T Cells in Systemic Sclerosis

A Reappraisal

Steven O'Reilly; Thomas Hügle; Jacob M. van Laar


Rheumatology. 2012;51(9):1540-1549. 

In This Article

Abstract and Introduction


SSc is an autoimmune disease characterized by inflammation and extracellular matrix deposition that ultimately leads to loss of organ function. T cells appear to play a prominent role in its pathogenesis. The evidence for this comes from their being at the site of fibrosis, their activated phenotype and alteration in their number and frequency in peripheral blood. This review examines the role of T cells in the pathogenesis of SSc and specifically examines the key soluble profibrotic mediators (IL-4, IL-6, IL-13) secreted by Th2 cells and their interactions with fibroblasts that deposit excess extracellular matrix leading to fibrosis. We finally examine possible therapeutic options in targeting T-cell mediators to disrupt the cellular interactions between T cells and fibroblasts that serve to drive the fibrotic response. One of the factors driving fibrosis is IL-6 and this can be neutralized in vivo not only to limit IL-6-driven tissue fibrosis but concomitantly to suppress switching of Tregs to Th17 T cells that will provide more IL-6, thus perpetuating the fibrosis. Taken together, these data implicate the role of T cells in SSc and suggest that Th2-polarized T cells and the fibrotic mediators subsequently released directly induce fibrosis. Targeting such cytokines may be therapeutic not only in SSc but more generally in diseases where fibrosis is directed by inflammatory signals.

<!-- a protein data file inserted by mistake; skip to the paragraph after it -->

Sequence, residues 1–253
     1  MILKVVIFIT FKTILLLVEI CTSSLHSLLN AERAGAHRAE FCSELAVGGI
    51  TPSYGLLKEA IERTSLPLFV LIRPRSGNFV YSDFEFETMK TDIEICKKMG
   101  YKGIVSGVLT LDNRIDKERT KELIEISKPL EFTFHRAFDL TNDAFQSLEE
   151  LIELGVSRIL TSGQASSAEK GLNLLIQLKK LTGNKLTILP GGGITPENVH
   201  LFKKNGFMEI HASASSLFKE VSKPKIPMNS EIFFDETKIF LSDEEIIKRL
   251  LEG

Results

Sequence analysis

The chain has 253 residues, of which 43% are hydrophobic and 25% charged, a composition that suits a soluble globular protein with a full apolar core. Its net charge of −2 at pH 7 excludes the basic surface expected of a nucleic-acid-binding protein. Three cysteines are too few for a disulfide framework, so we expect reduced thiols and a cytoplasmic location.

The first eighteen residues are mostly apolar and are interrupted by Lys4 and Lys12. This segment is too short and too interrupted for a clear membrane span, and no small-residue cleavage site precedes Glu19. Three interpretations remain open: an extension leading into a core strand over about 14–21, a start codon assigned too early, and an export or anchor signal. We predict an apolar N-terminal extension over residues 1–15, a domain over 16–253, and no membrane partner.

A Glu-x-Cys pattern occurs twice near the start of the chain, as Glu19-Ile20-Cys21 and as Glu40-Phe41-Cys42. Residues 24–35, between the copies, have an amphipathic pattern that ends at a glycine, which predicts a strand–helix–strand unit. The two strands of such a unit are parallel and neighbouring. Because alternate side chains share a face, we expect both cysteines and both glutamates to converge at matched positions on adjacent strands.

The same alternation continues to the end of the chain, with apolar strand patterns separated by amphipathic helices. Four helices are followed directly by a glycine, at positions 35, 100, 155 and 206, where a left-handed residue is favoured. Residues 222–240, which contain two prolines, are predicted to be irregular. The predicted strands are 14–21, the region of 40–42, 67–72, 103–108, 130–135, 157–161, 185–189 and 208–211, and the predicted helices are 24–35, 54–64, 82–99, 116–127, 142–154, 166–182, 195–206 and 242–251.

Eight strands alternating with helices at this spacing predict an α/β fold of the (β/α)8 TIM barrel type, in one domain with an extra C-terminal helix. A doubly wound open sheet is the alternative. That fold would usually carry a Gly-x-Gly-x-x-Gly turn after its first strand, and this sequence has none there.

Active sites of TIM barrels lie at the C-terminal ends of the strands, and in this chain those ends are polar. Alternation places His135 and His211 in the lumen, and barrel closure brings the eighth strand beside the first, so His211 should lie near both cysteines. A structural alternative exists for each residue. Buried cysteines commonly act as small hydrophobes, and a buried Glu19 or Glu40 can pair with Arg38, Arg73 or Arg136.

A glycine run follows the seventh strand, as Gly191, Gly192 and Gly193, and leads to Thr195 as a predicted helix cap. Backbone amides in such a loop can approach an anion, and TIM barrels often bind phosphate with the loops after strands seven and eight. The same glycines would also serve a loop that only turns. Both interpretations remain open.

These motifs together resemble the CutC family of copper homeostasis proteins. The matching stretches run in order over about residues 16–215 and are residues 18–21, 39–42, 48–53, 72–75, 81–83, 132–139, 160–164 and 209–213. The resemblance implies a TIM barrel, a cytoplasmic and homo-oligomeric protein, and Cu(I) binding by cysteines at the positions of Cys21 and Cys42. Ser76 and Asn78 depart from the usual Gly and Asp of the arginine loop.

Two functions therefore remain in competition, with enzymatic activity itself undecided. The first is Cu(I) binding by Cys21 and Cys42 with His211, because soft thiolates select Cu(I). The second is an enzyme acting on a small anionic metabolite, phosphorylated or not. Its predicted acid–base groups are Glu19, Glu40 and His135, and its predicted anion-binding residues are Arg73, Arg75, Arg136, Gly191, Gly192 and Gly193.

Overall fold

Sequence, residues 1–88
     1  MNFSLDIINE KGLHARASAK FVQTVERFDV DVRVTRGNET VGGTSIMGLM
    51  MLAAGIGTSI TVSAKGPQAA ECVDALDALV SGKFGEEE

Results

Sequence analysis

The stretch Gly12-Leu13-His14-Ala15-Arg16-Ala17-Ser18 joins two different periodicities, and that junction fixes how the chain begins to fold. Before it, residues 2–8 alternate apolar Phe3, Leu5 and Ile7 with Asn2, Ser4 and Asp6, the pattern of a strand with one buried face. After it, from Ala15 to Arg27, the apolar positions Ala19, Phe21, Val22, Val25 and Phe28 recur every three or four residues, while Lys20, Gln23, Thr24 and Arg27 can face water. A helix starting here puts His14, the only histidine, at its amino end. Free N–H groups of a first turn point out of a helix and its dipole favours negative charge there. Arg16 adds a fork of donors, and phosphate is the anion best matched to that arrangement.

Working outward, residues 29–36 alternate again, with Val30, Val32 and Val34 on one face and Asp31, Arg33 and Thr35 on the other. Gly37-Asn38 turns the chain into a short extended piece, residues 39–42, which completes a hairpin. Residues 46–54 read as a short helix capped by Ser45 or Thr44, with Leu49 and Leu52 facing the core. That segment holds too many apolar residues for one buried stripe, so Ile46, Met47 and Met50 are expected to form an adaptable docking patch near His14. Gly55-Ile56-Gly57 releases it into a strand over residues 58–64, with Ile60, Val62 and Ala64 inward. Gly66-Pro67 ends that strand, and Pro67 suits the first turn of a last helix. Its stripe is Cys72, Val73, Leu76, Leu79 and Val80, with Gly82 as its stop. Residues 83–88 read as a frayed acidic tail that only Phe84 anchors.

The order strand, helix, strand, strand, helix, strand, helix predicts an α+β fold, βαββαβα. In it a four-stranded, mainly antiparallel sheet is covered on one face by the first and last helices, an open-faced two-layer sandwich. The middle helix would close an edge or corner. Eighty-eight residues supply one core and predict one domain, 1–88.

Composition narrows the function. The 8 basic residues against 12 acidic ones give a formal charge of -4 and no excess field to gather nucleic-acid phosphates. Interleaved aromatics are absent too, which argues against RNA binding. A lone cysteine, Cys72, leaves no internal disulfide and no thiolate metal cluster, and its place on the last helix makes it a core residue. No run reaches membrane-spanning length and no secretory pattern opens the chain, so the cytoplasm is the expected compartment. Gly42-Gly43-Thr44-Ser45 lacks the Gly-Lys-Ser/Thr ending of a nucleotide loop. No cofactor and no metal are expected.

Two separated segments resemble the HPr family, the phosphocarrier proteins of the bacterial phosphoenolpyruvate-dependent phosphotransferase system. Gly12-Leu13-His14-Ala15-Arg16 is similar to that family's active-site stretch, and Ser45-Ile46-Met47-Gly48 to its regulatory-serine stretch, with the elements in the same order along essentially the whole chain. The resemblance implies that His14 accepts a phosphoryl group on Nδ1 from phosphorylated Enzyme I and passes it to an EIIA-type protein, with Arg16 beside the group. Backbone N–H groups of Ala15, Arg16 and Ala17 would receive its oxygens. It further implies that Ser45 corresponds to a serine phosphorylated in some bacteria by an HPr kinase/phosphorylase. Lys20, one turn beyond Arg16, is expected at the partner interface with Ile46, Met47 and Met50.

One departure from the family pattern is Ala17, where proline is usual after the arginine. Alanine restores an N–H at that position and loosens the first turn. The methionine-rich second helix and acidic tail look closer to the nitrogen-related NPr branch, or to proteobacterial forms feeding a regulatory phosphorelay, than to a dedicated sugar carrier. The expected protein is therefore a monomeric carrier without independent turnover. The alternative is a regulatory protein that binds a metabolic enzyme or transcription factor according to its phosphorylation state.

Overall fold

SSc is an idiopathic CTD that is characterized by the presence of autoantibodies, inflammation, vascular abnormalities and fibrosis of skin and inner organs. Raised inflammatory markers such as CRP or IL-6 in peripheral blood are typically observed in early phases of the disease, with the final result being excessive extracellular matrix material deposition, primarily collagen types I and III.

Affected skin is infiltrated by mononuclear cells, mainly macrophages and activated T cells. The cell infiltration correlates with skin thickening, suggesting a relation between inflammation and fibrosis.[1] A definite cause for this inflammation has not been established but is similar to other autoimmune diseases; loss of tolerance to self-antigens, failure to resolve inflammation or both are thought to be involved.[2]

Activation of the innate and acquired immune system is of importance in the early stages of the disease. This is shown by mast cell infiltration and degranulation, macrophage infiltration and an activated phenotype of circulating monocytes in the peripheral blood.[3,4] Furthermore, autoantibodies such as anti-centromere and anti-Scl70 or against other targets are associated with disease subtypes and can predict disease progression.[5]

Substantial progress in the knowledge of T-cell differentiation has been achieved in the past two decades (Fig. 1). In SSc, differentiation towards Th-2 lymphocytes has been reported.[6] This review examines the role of T cells in SSc with a specific focus on the role of T-cell-derived mediators that are pro-fibrogenic. A greater understanding of the interplay between T cells, their pro-fibrotic mediators and fibroblasts will contribute to improved drug development.

Figure 1.

CD4 T-cell differentiation pathway.